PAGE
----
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Re: grandkids/societal whiners

Seems to me that the indiscriminate filling of children's "wants" as if
they are "needs" (as in "I need a new Nintendo") leaves them with the
impression that making do is never good enough nowadays...again, what a
sad commentary.

Melody, IA (Z 5/4)

"The most beautiful thing we can experience is the mysterious."    
--Albert Einstein

 --- On Wed 03/24, james singer < jsinger@igc.org > wrote:
From: james singer [mailto: jsinger@igc.org]
To: gardenchat@hort.net
Date: Wed, 24 Mar 2004 16:49:07 -0500
Subject: Re: [CHAT]  grandkids/societal whiners

I have similar misgivings, Marge. But I've always thought it was
<br>because I grew up in the Great Depression, when the primary
instruction <br>was "make do" not "buy now."<br><br><br>On Tuesday,
March 23, 2004, at 11:55 PM, Marge Talt wrote:<br><br>> Absolutely,
Melody and that's what concerns me about the upcoming<br>> generation.
It appears that parents are not instilling that sense of<br>> personal
responsibility in their children as they ought...at least<br>> around
here.<br>><br>> Longish story, but a couple of years ago, about 4AM, I
was here at<br>> the computer when I heard a huge crash down at the
road. In my robe<br>> and nighty, I ran down to find an SUV upside down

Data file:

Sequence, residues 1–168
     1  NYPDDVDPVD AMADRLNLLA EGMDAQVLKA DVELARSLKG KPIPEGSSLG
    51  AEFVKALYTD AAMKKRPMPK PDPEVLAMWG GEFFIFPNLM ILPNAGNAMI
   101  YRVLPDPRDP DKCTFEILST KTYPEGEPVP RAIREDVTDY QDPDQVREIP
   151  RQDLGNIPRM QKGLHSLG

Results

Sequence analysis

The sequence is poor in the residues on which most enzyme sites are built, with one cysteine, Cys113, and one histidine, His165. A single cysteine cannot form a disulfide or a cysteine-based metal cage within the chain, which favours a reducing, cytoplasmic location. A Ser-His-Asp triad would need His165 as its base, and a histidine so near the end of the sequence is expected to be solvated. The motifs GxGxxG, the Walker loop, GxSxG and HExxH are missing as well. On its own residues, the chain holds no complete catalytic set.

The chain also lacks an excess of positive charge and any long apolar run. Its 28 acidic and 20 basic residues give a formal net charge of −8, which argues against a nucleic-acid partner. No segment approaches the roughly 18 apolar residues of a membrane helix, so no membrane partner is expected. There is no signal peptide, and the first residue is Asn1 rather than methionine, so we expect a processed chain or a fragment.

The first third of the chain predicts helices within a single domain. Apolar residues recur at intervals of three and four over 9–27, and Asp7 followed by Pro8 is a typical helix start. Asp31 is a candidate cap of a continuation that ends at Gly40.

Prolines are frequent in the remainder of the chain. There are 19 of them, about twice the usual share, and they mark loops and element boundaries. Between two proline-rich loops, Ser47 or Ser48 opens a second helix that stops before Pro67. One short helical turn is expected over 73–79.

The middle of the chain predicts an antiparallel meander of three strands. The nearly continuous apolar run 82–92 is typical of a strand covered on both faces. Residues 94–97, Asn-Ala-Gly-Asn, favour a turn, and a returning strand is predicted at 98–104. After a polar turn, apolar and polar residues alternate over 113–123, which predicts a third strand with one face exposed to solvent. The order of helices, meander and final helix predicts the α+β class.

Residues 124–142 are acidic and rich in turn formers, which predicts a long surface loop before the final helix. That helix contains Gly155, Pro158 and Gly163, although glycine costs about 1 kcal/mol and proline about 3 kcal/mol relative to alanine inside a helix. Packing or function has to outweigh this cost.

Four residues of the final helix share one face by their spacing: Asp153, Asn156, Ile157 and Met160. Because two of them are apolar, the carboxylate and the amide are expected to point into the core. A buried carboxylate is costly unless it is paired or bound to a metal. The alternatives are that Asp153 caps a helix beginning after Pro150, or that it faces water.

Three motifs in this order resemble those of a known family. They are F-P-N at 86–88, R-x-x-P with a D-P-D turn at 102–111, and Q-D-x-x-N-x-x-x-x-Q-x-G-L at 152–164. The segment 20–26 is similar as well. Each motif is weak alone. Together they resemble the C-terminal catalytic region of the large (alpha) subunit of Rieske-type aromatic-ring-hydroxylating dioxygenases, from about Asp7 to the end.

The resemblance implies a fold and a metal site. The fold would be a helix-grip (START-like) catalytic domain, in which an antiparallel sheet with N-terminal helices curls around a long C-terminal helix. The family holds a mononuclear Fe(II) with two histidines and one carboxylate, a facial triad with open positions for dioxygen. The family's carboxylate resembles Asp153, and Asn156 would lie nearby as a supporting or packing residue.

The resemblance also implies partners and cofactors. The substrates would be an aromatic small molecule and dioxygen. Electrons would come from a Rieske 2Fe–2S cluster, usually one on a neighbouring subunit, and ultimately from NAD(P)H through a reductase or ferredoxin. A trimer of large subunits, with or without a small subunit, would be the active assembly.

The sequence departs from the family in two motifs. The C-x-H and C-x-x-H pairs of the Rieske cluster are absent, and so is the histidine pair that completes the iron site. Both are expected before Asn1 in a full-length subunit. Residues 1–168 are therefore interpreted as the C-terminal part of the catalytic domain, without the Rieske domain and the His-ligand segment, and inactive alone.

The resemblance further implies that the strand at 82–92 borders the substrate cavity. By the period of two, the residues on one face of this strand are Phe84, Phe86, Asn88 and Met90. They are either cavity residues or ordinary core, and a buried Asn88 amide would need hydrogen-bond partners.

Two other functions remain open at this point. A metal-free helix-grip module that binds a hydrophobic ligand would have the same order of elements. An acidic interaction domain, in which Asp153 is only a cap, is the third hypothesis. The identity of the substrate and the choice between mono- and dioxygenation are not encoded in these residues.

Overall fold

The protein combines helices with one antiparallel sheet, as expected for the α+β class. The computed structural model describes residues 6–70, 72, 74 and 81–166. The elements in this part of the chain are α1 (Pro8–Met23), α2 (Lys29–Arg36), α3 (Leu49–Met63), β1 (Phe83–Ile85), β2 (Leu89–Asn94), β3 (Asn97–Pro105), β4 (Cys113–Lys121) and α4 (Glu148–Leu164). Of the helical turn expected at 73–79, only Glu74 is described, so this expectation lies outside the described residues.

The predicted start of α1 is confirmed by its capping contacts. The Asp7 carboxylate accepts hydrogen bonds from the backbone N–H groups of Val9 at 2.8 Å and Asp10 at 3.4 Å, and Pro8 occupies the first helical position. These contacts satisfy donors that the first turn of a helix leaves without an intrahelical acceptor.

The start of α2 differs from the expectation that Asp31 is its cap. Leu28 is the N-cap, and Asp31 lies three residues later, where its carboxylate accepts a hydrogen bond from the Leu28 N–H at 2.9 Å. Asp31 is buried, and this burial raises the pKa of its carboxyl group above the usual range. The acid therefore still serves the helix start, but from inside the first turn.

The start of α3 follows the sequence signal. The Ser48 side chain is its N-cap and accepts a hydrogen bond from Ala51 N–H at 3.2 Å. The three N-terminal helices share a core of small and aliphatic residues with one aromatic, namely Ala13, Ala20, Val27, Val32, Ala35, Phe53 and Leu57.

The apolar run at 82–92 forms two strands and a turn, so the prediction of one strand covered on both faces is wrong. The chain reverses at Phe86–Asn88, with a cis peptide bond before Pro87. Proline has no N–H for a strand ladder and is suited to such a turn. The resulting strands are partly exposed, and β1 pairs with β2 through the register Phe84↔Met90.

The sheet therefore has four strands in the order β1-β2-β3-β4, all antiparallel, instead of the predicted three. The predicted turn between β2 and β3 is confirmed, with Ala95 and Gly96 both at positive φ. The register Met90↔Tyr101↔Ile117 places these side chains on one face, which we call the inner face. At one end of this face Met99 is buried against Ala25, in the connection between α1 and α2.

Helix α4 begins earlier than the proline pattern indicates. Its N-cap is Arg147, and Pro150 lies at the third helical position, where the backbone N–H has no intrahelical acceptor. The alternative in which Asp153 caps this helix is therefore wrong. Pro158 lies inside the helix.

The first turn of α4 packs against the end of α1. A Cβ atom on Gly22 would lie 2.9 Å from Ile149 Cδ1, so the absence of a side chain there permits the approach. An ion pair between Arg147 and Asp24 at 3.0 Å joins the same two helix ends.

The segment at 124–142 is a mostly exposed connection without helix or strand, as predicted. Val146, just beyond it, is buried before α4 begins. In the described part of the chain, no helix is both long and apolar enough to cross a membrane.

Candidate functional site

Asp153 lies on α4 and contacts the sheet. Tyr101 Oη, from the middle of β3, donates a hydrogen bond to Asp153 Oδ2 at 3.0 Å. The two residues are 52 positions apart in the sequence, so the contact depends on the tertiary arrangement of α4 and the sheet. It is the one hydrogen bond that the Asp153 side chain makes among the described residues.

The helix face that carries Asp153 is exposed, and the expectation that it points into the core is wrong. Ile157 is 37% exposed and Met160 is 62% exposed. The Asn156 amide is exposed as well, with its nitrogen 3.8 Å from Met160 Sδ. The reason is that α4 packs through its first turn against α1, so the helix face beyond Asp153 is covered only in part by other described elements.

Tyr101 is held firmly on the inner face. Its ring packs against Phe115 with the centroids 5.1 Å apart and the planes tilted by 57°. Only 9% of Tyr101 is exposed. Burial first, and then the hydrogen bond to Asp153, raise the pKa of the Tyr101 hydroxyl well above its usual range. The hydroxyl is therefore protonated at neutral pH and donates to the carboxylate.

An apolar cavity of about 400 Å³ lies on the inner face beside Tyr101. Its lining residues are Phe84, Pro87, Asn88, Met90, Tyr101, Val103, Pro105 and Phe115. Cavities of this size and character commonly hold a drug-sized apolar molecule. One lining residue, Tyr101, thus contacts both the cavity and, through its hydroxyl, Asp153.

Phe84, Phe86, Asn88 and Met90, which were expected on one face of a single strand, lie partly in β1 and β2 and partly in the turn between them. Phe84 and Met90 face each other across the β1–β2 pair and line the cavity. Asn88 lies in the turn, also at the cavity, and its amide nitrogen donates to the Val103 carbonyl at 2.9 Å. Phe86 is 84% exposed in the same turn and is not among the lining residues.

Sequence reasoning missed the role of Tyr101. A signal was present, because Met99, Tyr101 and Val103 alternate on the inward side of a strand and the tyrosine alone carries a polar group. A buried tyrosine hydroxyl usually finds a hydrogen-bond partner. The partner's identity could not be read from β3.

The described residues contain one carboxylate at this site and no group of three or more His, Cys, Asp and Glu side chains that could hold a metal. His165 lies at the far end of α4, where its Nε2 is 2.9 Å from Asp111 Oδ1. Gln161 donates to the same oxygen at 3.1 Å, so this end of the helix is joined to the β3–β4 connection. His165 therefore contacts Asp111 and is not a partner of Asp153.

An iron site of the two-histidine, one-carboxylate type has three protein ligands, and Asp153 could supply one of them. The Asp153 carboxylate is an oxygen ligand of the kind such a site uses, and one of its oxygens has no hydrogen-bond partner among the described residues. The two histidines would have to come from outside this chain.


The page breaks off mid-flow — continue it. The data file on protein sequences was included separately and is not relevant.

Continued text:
next to our<br>> mailbox. Ran back; called cops; ran back down to road.
Inside of<br>> car was brightly lit, but the windows were steamed up so
I couldn't<br>> see in. Sounds of loud rock music playing and sounds of
banging and<br>> bumping. Kept calling to see if person inside was OK,
but am sure<br>> they couldn't hear me and I didn't want to get too
close to the car<br>> as I wasn't sure it was going to stay where it was
- half up the bank<br>> next to the road on an angle upside
down!<br>><br>> Anyway, the door popped open and out came this teenage
boy...around<br>> maybe 16 years old. Smelled like the bottom of a
whiskey barrel. He<br>> started off weaving, down the middle of the road
and I caught him and<br>> told him he had to stay...he was SO drunk. As
I tried to get him up<br>> our drive, the cops came, so I went to greet
them and he took off<br>> into the shrubbery. He was extracted and I
found next day he'd<br>> discarded his jacket, a backpack and a pack of
tools and thrown a<br>> street sign up in to the rhodies. Called cops
and when they came to<br>> pick up his belongings, I found out that he
was not only drunk but<br>> high on drugs AND had taken the car without
his parent's knowledge.<br>> Not only that, the tools had been used to
remove street signs along<br>> the way he'd been.<br>><br>> Now, what
was his f

ather's reaction? His father was in deep denial<br>> that HIS son could
have done any of the above. Cop told me that<br>> likely nothing would
happen to that child in the way of punishment.<br>><br>> If I had done
something like that, my father would have skinned me<br>> alive. That
knowledge stopped me from doing some really hair-brained<br>> stuff as a
teen. So, what will become of this spoiled brat when he<br>> grows up?
Where will his sense of personal responsibility be? What<br>> will he
have to pass on to his children - should he survive long<br>> enough to
add to the gene pool? Scary stuff. Worst is that this kid<br>> is not